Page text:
– Synthèse : Accessible aux abonnés Concurrences+ (prochainement publiée ci-dessus)
– Retranscription : Accessible aux abonnés Concurrences+ (prochainement publiée ci-dessus)
– Articles Concurrences (Cliquez sur Voir plus ci-dessous) Consultez la section "Prochaines Conferences" pour vous inscrire aux futurs webinaires.
Kristina Nordlander moderated the discussion. The General Court’s decision on the 10th of November confirmed a “self-preferencing” theory of harm. Indeed, in certain conditions, self-preferencing can constitute an abuse of a dominant position. The case was about Google being found to have treated its own comparison-shopping service better than competing services that were subject to other, less favorable rules.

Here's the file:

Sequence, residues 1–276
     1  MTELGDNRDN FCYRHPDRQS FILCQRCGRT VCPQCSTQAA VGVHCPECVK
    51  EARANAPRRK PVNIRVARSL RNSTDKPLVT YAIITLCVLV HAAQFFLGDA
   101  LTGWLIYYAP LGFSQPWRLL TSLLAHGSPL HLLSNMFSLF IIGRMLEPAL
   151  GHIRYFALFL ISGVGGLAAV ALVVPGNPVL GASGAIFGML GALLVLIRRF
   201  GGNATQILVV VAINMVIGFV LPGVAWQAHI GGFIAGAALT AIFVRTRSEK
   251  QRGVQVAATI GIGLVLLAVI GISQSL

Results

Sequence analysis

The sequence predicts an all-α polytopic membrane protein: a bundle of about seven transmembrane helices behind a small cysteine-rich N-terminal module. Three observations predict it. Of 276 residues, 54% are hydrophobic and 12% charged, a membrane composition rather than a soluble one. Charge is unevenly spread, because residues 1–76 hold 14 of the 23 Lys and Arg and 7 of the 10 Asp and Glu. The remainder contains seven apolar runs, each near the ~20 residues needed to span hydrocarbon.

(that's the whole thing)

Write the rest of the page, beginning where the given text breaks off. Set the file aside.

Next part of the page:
The discussion focused on four main topics. First, the panel discussed what the Court said on how to define self-preferencing abuse. Second, a presentation of the legal test applied by the Court. Third, panelists discussed whether the Court’s approach to this type of conduct makes sense from an economic perspective. Finally, the last points concerned the wider implication, what does this mean for ongoing and future cases, for the Commission’s and Member States’ big tech agenda, and from a US perspective.